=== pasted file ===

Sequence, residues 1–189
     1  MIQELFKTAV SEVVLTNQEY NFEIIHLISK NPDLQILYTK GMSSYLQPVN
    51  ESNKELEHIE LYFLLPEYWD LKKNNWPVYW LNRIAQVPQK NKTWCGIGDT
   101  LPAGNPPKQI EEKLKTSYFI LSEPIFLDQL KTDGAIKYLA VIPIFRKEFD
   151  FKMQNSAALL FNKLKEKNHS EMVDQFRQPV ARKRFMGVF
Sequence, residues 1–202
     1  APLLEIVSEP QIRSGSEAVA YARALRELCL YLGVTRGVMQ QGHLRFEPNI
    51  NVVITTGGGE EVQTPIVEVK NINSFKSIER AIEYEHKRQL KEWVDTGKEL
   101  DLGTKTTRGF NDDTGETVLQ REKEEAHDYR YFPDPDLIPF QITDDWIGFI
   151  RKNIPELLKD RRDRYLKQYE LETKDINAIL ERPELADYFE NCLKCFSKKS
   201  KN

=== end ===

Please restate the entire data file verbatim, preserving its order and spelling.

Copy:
Sequence, residues 1–189
     1  MIQELFKTAV SEVVLTNQEY NFEIIHLISK NPDLQILYTK GMSSYLQPVN
    51  ESNKELEHIE LYFLLPEYWD LKKNNWPVYW LNRIAQVPQK NKTWCGIGDT
   101  LPAGNPPKQI EEKLKTSYFI LSEPIFLDQL KTDGAIKYLA VIPIFRKEFD
   151  FKMQNSAALL FNKLKEKNHS EMVDQFRQPV ARKRFMGVF
Sequence, residues 1–202
     1  APLLEIVSEP QIRSGSEAVA YARALRELCL YLGVTRGVMQ QGHLRFEPNI
    51  NVVITTGGGE EVQTPIVEVK NINSFKSIER AIEYEHKRQL KEWVDTGKEL
   101  DLGTKTTRGF NDDTGETVLQ REKEEAHDYR YFPDPDLIPF QITDDWIGFI
   151  RKNIPELLKD RRDRYLKQYE LETKDINAIL ERPELADYFE NCLKCFSKKS
   201  KN